The answer: well, it depends. As always, much turns on how the question is framed and what the underlying assumptions are.
So, first off: what was the process trying to accomplish? If it was really about addressing and tackling the city’s Big! Scary! Crippling! $774-million deficit and “making the tough decisions today,” and “cleaning up the mess left by the Miller administration,” then obviously it hasn’t worked.
But in order to believe that, you need to accept the assumptions about the figure and the political context that Team Ford’s trying to establish. Both of those are problematic. We’ve already seen that this gang isn’t exactly straightforward, let alone good with numbers.
More fundamentally, though, it’s about my favourite thing: context. In that regard, Rick Salutin’s recent piece about how Team Ford frames the discussion is particularly illuminating. If I read him right, he’s arguing that numbers and logic aside, Team Ford’s managed to define the discursive turf and dictate the terms for discussion. Whatever their mathematical shortcomings, they’ve still managed to make the conversation all about service delivery and saving money. We’re not talking about why a city should aspire to architectural beauty, or functional urban design, or why the citizens of a community have obligations to one another. We’re still talking about cutting, outsourcing, keep this, kill that, private-sector delivery, yada yada yada. The discourse is still essentially about business models.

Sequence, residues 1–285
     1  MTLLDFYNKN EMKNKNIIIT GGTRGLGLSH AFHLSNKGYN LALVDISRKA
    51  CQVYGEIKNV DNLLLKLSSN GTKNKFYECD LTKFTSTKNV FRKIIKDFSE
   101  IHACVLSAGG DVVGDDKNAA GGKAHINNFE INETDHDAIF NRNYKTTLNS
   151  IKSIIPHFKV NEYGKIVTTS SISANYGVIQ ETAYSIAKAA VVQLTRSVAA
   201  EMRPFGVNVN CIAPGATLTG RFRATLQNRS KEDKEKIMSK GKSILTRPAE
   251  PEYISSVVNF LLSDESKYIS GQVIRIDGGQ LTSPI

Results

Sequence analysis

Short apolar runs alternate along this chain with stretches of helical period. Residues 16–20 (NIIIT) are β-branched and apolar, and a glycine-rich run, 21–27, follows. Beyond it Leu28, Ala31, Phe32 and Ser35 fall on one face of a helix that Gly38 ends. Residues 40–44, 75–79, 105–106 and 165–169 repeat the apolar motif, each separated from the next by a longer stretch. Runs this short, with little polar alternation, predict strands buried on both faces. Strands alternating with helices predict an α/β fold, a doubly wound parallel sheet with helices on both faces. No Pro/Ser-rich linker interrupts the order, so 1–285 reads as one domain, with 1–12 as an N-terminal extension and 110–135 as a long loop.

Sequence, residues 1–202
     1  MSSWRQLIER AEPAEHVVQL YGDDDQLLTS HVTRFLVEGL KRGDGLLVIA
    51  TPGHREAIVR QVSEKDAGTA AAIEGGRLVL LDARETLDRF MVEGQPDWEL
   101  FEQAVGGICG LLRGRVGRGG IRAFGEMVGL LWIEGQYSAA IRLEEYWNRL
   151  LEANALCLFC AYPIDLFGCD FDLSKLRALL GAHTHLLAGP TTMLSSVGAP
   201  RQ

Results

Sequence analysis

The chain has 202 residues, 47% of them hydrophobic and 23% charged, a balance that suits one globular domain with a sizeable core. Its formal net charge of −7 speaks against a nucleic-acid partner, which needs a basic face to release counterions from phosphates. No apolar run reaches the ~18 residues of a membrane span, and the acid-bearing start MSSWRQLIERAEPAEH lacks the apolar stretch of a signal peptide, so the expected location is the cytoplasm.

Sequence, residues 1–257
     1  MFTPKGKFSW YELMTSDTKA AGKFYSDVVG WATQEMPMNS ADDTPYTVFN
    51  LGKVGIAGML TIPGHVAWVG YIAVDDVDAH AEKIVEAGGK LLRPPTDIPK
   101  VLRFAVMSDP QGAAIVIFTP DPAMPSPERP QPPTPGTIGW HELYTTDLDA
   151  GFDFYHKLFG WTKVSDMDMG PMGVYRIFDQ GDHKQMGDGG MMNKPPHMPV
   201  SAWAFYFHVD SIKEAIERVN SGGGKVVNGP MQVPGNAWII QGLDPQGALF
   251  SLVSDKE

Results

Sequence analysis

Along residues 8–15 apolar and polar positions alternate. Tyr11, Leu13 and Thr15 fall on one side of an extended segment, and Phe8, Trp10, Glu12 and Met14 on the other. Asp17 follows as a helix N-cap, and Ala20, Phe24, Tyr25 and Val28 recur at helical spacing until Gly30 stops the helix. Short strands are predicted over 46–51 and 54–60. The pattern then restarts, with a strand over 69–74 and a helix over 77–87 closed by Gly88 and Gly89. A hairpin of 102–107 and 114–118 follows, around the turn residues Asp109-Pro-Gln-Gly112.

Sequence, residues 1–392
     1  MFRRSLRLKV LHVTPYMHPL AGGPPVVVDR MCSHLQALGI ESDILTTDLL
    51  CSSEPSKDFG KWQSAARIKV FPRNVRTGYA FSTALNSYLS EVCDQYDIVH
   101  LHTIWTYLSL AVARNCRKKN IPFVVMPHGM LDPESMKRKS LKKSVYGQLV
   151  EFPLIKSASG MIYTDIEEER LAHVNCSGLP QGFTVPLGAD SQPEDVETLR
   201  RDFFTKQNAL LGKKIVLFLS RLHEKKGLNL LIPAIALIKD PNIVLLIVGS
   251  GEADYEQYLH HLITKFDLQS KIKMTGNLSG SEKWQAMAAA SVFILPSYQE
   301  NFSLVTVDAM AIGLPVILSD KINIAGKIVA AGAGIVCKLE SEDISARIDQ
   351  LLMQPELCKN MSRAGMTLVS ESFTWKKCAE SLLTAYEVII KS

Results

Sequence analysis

Last night’s Executive Committee meeting and the deputations (all those who spoke or tried to speak: you’ve all become my personal heroes), regardless of the formal outcome, were about pushing back against that. If they’ve made even a little bit of headway in the process of winning back the words, then the process hasn’t been a waste of time.
- Alex Himelfarb writes about the inequality trap: a meaner Canada
- Queen West Art Crawl: This is what makes public space public
- Watching Core Services Review process at York Civic Centre